And we move forward in the ordinariness and banality of everyday life, even in extraordinary times.  Much of the novel concerns itself with girlfriends, former and current; thoughts of who is where and who is with whom. And these worries and happinesses for the most part take place at the university, the streets and shops in and around the great square: the first time sharing a room with a girl; her scent, the sheen of her hair. It is college, young people coming from all over the country, each with their own accents and cultures; some escaping rural life, others with great hopes of  going to America, escaping the nation entirely. It is college with the cheap meals, the sexual exploration and near impossible search for privacy,  the rude male jousting and put-downs, the stench of communal toilets…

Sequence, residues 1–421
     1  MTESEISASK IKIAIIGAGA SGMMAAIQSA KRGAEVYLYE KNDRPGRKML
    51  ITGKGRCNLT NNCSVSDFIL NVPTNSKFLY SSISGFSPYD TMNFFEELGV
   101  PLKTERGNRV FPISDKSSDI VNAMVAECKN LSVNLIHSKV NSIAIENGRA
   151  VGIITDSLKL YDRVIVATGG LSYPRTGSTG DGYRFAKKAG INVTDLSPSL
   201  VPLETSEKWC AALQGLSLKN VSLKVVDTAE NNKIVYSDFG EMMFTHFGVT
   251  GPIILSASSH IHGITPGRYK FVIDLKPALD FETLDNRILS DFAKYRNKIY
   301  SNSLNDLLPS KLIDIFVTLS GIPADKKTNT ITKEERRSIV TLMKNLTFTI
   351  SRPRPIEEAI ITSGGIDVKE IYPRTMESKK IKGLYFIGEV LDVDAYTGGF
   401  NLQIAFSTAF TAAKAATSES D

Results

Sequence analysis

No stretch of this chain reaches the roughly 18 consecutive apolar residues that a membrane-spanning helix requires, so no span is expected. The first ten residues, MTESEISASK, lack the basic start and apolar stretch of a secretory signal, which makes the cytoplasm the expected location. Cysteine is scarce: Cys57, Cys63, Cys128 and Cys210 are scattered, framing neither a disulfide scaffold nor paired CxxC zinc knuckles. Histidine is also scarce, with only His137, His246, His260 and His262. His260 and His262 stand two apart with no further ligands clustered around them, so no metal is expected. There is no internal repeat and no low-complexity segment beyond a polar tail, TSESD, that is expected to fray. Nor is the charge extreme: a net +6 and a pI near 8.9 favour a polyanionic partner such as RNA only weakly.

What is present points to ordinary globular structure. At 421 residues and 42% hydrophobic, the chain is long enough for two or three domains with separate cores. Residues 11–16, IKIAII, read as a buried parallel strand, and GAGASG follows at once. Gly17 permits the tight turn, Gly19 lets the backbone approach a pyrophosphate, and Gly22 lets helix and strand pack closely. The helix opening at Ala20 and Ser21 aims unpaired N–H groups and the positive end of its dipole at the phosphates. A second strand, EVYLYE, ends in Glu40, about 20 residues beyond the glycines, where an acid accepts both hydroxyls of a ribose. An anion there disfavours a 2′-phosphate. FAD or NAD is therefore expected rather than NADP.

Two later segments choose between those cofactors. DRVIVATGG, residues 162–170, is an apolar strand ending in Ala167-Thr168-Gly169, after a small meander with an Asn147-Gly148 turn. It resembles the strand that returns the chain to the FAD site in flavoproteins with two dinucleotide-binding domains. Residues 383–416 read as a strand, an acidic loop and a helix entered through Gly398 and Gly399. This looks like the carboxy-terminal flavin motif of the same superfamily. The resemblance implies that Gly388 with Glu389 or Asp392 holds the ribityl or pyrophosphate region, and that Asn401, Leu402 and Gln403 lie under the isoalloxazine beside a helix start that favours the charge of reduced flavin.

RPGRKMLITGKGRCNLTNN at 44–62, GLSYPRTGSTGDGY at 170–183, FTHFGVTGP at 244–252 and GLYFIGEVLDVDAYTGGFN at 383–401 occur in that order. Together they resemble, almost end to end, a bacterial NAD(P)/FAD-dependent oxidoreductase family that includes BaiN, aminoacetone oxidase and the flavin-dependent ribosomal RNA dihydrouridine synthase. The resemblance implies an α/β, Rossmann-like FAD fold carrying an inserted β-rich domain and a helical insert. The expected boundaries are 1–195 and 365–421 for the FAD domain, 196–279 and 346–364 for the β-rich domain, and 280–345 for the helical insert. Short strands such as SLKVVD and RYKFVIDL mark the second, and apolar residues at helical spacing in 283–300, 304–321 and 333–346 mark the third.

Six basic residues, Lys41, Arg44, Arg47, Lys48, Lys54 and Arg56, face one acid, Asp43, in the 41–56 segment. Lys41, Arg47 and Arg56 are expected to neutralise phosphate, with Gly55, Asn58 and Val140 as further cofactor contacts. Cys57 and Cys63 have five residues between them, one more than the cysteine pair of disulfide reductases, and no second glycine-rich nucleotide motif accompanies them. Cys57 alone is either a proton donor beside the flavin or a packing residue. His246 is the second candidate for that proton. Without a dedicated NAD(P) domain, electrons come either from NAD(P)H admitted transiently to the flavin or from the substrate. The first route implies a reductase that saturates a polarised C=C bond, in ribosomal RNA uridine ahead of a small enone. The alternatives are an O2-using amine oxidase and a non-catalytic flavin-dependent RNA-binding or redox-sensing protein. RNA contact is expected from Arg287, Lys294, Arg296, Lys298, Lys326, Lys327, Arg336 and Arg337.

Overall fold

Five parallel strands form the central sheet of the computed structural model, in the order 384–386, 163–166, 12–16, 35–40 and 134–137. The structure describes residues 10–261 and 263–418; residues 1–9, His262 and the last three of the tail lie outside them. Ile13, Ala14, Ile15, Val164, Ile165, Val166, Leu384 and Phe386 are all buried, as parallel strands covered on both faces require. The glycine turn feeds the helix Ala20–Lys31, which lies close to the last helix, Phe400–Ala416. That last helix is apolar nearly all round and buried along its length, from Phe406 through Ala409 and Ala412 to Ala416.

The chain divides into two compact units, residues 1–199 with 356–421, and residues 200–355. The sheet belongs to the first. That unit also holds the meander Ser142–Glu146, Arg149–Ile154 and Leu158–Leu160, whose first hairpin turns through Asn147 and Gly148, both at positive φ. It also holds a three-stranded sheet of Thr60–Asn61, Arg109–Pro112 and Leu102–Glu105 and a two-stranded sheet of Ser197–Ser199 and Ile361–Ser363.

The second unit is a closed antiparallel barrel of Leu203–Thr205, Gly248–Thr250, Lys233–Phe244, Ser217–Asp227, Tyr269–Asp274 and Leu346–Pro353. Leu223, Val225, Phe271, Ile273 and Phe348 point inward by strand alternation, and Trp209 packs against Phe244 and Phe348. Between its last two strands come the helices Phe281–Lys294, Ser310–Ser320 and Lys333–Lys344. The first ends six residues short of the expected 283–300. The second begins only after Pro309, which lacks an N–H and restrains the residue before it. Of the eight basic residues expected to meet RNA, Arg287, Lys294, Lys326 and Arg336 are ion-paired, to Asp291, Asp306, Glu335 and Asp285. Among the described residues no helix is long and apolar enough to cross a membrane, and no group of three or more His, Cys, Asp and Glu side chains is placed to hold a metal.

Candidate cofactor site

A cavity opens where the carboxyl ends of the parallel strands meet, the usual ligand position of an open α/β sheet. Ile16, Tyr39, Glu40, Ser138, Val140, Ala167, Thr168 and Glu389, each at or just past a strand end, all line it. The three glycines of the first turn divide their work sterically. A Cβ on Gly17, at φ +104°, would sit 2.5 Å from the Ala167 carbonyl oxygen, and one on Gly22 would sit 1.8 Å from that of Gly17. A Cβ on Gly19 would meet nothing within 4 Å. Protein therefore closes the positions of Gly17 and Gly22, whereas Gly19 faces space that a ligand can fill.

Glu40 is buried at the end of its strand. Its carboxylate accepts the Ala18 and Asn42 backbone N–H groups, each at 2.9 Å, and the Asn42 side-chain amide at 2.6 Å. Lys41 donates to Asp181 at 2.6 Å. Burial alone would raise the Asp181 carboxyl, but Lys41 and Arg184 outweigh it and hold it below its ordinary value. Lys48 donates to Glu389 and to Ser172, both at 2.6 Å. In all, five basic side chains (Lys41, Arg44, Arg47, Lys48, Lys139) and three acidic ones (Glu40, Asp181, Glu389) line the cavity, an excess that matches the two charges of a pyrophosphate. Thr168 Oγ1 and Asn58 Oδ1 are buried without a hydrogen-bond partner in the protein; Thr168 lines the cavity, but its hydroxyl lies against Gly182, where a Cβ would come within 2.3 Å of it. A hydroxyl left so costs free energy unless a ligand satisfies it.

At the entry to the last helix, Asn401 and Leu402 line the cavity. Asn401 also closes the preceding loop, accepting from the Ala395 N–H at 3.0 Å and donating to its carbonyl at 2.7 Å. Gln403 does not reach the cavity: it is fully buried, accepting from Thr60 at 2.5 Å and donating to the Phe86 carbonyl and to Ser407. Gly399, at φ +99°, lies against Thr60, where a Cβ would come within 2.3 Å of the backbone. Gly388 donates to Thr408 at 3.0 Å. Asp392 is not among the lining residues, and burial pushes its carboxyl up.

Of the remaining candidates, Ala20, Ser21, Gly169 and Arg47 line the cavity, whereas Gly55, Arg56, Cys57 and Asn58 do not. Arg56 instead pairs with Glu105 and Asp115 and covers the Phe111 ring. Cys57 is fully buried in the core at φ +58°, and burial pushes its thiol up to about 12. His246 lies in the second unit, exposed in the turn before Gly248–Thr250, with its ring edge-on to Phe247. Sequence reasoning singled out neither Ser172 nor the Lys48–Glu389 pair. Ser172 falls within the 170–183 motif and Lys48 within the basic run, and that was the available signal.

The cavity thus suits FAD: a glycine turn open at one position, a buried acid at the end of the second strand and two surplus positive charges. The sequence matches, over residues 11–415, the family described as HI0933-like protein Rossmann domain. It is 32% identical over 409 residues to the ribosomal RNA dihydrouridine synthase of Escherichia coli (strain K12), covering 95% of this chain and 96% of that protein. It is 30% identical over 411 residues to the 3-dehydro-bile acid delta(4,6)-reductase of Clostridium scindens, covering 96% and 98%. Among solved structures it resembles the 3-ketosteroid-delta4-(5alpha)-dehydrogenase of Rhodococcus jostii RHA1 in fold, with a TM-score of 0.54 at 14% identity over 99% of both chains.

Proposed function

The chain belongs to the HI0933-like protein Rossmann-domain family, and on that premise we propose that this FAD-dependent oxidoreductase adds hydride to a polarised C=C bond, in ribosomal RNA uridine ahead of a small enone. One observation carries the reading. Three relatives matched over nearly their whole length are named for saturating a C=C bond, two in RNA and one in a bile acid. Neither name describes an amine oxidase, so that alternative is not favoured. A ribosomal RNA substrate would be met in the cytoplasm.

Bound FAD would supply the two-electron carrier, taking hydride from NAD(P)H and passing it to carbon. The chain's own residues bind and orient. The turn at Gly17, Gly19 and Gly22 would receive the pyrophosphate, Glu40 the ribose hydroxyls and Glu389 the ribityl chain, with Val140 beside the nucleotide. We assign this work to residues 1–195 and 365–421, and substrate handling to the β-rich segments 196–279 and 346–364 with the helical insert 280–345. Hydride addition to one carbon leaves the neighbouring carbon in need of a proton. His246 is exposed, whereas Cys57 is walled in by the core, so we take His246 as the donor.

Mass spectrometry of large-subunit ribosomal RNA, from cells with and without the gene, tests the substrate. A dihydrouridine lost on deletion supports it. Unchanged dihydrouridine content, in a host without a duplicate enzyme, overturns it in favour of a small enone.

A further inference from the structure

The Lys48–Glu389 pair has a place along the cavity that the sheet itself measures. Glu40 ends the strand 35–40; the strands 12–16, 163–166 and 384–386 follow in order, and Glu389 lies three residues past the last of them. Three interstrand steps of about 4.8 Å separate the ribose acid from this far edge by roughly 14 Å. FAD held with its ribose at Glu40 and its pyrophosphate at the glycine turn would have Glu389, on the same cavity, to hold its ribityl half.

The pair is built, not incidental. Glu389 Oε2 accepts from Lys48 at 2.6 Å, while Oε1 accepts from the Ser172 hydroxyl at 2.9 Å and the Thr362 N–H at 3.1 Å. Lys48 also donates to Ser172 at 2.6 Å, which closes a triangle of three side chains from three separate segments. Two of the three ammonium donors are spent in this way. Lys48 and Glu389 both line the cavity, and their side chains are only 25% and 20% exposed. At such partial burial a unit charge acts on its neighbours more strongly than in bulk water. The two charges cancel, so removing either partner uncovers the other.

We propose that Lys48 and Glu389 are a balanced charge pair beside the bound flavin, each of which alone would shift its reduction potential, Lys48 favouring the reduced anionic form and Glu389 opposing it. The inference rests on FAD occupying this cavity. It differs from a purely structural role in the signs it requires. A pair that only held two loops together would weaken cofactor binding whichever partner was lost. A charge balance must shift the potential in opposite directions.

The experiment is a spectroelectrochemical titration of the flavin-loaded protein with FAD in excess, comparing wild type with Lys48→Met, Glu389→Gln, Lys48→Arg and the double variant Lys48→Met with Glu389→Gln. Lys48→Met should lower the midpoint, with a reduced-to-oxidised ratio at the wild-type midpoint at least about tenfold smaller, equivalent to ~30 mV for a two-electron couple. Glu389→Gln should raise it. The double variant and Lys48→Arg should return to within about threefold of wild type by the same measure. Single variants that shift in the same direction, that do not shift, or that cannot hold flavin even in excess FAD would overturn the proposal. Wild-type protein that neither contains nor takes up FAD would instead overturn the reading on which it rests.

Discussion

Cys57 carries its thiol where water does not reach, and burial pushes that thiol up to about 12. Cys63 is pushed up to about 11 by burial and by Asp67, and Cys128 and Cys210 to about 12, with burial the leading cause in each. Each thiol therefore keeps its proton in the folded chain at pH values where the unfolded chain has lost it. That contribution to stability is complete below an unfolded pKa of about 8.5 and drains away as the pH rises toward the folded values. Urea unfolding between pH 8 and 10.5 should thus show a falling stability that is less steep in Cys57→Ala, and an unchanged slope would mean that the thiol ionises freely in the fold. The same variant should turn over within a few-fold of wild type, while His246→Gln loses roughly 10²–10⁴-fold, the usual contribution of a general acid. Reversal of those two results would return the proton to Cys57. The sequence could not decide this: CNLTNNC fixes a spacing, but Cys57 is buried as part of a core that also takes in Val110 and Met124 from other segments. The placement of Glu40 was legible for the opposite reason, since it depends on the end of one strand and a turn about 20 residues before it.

The narrative also moves us forward through the years after the massacre.  Dai Wei’s mother, a widow of a rightist, lives in a tiny apartment in a block of flats, desperate that her son either die, or get better.  She tracks down doctors, a shaman, and neighbors; she complains incessantly to her other son, or friends and ex-girlfriends who stop by or call to ask if there has been any sign of life.   Following the advice of one, she concocts a scheme to sell Dai Wei’s urine, surely of medicinal value because of its unique clarity (from having no solid food for years.)

We learn that the early roots of the 1989 events began in late 1978 with the Democracy Wall.  Criticism of the recently deposed Gang of Four was permitted  and activists began to post big character posters. The breath of democracy began to be felt all over the country.  A year later the wall was shut down when the criticism began to aim at the current ruling cadre.  Those who had dared too much were summarily dealt with.  [A recently reviewed book, The Vagrants by Yi Yun Li, is about this period for the citizens of a small town not far from Beijing; quite a powerful book.]